• Gas trapping metal sponges that can soak up carbon;
  • The smallest batteries you’ll see are now made of Graphene

Panellists talked about the challenges of meeting market demand while being pushed to innovate by the fast moving take-no-prisoners tech world.

12:38pm 6 slides, 6 minutes, 4 speakers. It’s lightening talk time!

Hannah Guy from Dorsu chooses to sell affordable clothing made with love in a Cambodian village. Each piece has a unique story about the person who made it. Link Fest volunteer tshirts have all been supplied by Dorsu. No wonder they look so cool.

Nic Newling talks about his mental health journey and finding your purpose sweet spot.

Daniel Oldfield from RMIT talked excitedly about graphene’s superconducting strength and how it will revolutionise electronic devices. He also touched on self healing building materials that can repair themselves when wounded. Creepy, but cool.

Arie Sawyer from Field Trip gave us the kid’s perspective and told us (with a stacks of poise) to take risks but also to take care.

1:05pm The yummiest vegan lunch that you ever did see. Actually while we’re talking food, it’s great to see Link walks the talk when it comes to social and environmental sustainability. Upcycled cups, no meat, organic waste bins, event tshirts made with love in Cambodia — Wildwon set a new standard for what could and should be routinely done at events.

While eating, the School of Life walks us through the art of conversation. We’re invited to ask an adventurous question when meeting participants over the next two days, as a new way of starting conversations differently. Mine is: “You have a billboard. Where is it and what does it say?”

2:12pm A strongly STEM (science, technology, engineering and maths) focused afternoon, particularly looking at how to encourage more women into the fold.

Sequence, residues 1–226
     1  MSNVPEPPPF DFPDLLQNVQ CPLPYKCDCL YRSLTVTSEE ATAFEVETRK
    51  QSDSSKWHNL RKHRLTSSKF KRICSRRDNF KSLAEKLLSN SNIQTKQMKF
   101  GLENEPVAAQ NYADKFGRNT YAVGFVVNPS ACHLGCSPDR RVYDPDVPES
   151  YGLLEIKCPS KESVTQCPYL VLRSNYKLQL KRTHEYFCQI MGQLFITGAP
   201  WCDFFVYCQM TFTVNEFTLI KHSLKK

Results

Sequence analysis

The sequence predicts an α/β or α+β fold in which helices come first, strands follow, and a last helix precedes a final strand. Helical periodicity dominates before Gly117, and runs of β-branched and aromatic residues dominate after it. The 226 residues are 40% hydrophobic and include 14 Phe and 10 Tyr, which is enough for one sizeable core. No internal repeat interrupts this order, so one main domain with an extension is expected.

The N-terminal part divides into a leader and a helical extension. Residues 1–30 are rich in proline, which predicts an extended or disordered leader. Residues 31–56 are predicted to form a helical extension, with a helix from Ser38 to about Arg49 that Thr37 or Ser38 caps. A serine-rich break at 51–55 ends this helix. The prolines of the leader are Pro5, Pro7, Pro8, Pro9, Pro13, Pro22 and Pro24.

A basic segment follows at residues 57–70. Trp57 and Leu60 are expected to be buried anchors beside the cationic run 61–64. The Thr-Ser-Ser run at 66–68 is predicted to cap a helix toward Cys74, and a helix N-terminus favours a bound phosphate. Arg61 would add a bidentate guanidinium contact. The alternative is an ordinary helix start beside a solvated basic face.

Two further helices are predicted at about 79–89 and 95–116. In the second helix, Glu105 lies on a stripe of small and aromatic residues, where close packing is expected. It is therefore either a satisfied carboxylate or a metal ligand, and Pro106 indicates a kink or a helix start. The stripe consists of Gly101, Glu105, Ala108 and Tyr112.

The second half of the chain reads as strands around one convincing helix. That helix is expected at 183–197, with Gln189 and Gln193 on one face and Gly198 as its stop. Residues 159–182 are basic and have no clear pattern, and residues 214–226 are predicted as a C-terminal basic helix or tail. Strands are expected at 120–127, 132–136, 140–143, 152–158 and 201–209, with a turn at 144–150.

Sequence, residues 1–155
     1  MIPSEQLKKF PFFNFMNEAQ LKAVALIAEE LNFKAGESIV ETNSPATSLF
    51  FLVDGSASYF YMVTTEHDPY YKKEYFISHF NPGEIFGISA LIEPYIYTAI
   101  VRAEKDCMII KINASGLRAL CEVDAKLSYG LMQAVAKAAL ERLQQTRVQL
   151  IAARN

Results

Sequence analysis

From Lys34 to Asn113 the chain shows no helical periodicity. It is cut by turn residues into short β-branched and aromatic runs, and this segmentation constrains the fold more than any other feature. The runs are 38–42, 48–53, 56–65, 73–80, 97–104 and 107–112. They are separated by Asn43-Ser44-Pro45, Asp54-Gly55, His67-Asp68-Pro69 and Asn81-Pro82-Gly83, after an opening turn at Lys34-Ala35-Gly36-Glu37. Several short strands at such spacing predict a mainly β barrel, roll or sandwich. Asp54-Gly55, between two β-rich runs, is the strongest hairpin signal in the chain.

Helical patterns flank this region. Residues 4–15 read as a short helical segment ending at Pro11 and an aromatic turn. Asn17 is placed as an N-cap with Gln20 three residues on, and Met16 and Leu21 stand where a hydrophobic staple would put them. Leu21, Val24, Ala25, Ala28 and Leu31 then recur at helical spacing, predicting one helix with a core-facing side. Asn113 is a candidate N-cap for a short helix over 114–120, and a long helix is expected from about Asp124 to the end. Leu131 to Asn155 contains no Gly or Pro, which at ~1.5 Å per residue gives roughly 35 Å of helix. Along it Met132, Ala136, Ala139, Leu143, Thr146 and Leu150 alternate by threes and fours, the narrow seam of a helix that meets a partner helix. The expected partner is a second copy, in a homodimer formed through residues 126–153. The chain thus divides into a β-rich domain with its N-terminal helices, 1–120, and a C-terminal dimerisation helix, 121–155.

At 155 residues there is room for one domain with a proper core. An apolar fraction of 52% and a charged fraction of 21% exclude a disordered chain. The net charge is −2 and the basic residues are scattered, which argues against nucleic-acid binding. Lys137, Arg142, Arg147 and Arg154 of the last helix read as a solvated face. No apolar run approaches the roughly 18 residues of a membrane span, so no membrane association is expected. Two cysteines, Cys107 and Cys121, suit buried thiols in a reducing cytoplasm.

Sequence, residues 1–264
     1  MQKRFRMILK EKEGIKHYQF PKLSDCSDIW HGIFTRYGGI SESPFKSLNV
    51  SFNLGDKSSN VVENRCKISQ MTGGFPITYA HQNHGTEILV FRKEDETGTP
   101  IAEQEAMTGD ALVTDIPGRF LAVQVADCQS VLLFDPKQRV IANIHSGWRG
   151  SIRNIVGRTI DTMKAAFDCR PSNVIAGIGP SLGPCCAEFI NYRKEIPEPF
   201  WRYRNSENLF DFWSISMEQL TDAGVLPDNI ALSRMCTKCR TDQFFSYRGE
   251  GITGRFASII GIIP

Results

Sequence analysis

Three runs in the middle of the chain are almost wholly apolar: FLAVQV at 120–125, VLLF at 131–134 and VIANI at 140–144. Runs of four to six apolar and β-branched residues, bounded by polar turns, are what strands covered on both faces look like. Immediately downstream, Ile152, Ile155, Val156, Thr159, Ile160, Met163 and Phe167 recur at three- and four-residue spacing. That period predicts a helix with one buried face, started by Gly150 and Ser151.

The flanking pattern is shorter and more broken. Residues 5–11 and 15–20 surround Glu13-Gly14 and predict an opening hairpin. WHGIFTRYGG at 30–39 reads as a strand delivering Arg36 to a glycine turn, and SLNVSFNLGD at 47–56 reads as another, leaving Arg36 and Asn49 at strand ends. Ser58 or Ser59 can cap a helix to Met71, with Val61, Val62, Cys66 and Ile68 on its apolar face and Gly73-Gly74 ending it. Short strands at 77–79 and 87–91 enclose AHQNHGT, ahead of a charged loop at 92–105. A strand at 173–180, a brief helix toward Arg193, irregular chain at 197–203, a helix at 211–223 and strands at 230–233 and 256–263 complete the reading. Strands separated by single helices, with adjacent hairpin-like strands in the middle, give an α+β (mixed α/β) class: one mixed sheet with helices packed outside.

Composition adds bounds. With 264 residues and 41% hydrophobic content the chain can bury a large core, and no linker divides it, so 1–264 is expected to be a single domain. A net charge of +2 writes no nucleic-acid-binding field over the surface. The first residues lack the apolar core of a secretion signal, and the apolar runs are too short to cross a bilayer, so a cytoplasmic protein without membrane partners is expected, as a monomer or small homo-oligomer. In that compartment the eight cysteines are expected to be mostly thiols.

We throw an “A” (arts) into the mix too to create STEAM in a session that says when artists and scientists collaborate, magic happens.

Take this example: By using soundscapes, artists and scientists can transport dementia patients to a different era, which can have a calming effect. We also talked about the important of interdisciplinary teams and breaking down silos.

4:06pm THIS.

4:18pm What do hackers, pirates and ex-cons have in common? asked Kyra Maya Phillips from the Misfit Economy. They bring a different perspective into a world that really needs one.

Our other closing keynote, the legendary Pamela Hartigan, quotes Irish writer George Bernard Shaw:

In almost the same breath, she tells us that she has come to intensely dislike the term ‘social entrepreneurship’ for the division it has created between making money and doing good.

She also tells us this wonderful joke.

Pam encourages us to make entrepreneurship a verb (entrepreneuring) and to use it wherever we go. She also reminds us that we are the “technofortunate” and that we need people that think beyond the problems that white, privileged people have if we’re truly going to solve the world’s challenges.

As the title of this post suggests, my Mickey Mouse cup definitely did runneth over today, both with delicious free chai tea but also with thought provoking conversations that underpin the future of design, technology and social change — that true diversity is disruptive, empathy and compassion is essential, that we need to harness the creativity of kids.

Conversations that I can’t wait to continue at Link Festival tomorrow. See you then!

For the wrap up on Day 2 of Link Festival, click here.